Card Giants Give In To Credit Card Fee Cut In Canada

May 23, 2023
Canada’s government has announced a new agreement with Visa and Mastercard to reduce credit card interchange fees to 0.95 percent. The move has been cheered by some, while called a failure by others.

Canada’s government has announced a new agreement with Visa and Mastercard to reduce credit card interchange fees to 0.95 percent. The move has been cheered by some, while called a failure by others.

After months of negotiations, the Canadian government announced that it has finalised new agreements with Visa and Mastercard that will reduce credit card interchange fees for small businesses by up to 27 percent from the existing weighted average rate.

The cut is estimated to affect more than 90 percent of credit card-accepting businesses in Canada and save them about $1bn over five years.

Lowering credit card fees was part of the government’s election pledge almost two years ago, a promise it has been constantly reminded of by the industry and pressured to fulfil.

In its Budget 2023, the Canadian government said it had secured the commitment from the card networks to lower the fees they charge on behalf of issuers.

As per the agreement disclosed on May 18, Visa and Mastercard have agreed to reduce domestic consumer credit interchange fees for in-store transactions to an annual weighted average interchange rate of 0.95 percent.

It is reduced from the 1.4 percent cap under the existing agreement and moves small businesses closer to the estimated 0.85 percent level, which larger businesses are already believed to have negotiated.

Visa and Mastercard will also reduce domestic consumer credit interchange fees for online transactions by 10 basis points, resulting in reductions of up to 7 percent and provide free access to online fraud and cybersecurity resources to help small businesses grow their online sales.

The changes will apply to small businesses with annual Visa sales volume below $300,000 and to those with annual Mastercard sales volume below $175,000.

To mitigate potential negative consequences, the government set the expectation that the interchange fee cut on small businesses will not adversely impact the fees paid by other businesses and assured that Canada’s large banks agreed to protect Canadians’ reward points.

The government also expects other credit card companies to take similar actions to lower fees for small businesses, and that payment processors will pass these reductions on to small businesses.

The new rates will come into effect in Autumn 2024.

Business associations give a mixed reaction

The Canadian Federation of Independent Business (CFIB) welcomed the announcement, calling it a “big win” for small businesses.

CFIB president Dan Kelly thanked Deputy Prime Minister Chrystia Freeland and the presidents of Visa and Mastercard for reducing fees and providing free fraud detection tools, which he says “will be of particular help in encouraging more small firms to go digital”.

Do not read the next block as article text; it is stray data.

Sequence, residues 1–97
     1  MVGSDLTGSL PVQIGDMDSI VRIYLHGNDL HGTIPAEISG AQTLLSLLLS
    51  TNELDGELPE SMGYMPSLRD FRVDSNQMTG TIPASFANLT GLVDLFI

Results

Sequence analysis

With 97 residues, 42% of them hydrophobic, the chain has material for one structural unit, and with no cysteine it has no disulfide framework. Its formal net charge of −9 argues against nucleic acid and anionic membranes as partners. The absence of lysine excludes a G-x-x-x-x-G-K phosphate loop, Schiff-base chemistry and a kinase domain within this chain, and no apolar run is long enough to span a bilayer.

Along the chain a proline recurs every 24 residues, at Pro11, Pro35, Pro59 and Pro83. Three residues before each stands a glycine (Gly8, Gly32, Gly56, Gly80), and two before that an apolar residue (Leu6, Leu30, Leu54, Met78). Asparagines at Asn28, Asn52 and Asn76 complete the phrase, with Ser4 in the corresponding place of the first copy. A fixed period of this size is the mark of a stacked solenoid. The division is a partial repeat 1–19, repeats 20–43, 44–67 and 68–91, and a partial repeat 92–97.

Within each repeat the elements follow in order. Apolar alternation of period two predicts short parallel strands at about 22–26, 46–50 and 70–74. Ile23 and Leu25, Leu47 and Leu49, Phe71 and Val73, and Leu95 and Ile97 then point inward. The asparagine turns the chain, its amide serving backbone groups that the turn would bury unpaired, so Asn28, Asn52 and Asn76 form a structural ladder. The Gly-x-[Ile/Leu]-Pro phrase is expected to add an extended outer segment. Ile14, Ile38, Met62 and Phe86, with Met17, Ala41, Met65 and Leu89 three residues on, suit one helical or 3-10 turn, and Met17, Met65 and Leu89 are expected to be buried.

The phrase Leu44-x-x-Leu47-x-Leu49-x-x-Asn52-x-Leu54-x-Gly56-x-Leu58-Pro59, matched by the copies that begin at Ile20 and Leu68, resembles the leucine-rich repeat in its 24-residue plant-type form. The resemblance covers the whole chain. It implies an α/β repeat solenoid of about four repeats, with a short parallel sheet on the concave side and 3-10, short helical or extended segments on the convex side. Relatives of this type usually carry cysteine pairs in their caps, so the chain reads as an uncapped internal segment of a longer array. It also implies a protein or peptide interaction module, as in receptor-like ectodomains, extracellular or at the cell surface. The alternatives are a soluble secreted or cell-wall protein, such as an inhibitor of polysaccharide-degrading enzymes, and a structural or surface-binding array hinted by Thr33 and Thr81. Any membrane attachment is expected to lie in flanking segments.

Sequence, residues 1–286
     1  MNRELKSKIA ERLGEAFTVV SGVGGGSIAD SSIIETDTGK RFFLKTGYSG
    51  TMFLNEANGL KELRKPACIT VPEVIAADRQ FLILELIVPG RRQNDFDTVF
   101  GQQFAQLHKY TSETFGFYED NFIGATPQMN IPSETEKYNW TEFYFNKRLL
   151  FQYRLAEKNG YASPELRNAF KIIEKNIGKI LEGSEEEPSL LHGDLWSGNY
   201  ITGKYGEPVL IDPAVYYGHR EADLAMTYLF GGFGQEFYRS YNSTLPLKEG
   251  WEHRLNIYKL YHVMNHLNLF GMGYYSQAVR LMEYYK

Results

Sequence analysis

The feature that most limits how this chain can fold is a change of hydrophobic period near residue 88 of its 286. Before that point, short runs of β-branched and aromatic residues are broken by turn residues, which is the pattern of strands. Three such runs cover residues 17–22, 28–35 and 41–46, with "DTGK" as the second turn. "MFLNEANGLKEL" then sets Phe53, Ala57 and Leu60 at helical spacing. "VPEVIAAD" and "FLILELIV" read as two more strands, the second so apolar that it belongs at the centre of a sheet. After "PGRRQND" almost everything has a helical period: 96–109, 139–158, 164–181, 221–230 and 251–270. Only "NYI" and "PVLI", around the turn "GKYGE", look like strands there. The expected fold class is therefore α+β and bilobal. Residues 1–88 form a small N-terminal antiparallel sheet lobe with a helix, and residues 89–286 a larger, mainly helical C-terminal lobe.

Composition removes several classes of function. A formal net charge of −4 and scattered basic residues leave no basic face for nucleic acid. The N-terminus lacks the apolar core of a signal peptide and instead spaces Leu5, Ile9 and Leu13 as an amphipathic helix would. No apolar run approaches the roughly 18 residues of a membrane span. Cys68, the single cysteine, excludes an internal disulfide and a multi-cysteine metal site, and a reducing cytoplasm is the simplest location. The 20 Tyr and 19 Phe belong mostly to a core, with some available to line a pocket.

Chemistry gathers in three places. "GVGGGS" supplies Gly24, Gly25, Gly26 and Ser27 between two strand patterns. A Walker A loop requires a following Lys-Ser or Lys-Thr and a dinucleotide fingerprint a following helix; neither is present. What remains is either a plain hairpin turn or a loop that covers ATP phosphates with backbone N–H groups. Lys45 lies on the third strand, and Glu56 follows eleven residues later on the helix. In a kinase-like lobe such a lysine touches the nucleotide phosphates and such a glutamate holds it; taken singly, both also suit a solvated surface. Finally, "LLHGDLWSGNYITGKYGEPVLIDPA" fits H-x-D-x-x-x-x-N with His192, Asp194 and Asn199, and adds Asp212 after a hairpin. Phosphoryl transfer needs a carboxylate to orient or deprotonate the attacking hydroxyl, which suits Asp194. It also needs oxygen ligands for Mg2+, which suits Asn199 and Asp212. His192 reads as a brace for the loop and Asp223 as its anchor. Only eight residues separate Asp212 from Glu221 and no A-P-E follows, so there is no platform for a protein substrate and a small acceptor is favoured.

He added that the CFIB will be working to ensure that the full savings of the reduction ends up in the pockets of the merchants and will keep up the pressure on the government to ensure other card brands, including American Express, take similar measures.

The association said it estimates that around 73 percent of its members will benefit from these rate reductions.

The news had a much colder reception from the Convenience Industry Council of Canada (CICC), which labelled the move a “failed attempt”.

“Despite years of lip service to small businesses, the federal government has caved to credit card networks and the big banks who prefer the status quo,” the association said.

According to the CICC, the vast majority of small businesses will be excluded from the new scheme, which benefits only micro-sized businesses.

“Even a qualifying business will only see a maximum $1K reduction to their bottom line. This is hardly the relief we were promised.”

The CICC also came down on the fact that sales tax is included in the amount on which the interchange is calculated, which is particularly detrimental to shops that sell heavily taxed products such as gasoline, tobacco and alcohol.

The association notes that 42 percent of convenience store revenues are in tax alone.

This approach “penalises our local businesses because of their role serving as a tax collector for government”, the CICC emphasised.

US merchants push Congress for action

Reflecting on the interchange fee cut, the US Merchants Payments Coalition (MPC) took the opportunity to pressure lawmakers in the United States to follow the lead.

“If Visa and Mastercard can afford to reduce their swipe fees in Canada, there’s no reason they can’t do the same here,” MPC executive committee member and National Association of Convenience Stores general counsel Doug Kantor said in an email statement.

“US merchants and their customers pay twice as much as Canadians and seven times as much as Europeans,” he added.

“It’s time for Congress to act and at least bring competition to US swipe fees.”

Last year, lawmakers were inching closer to adopting a credit card reform in the US which would have allowed merchants to choose which payment processor they want to use when they process payments on a credit card issued by a large bank.

Despite several attempts and heavy campaigning on both sides, Congress adjourned without taking up the issue.

A spokesperson for Senator Richard Durbin has told VIXIO they are “hoping to re-introduce [the bill] soon” without providing further details about the timing or potential changes to the proposal.

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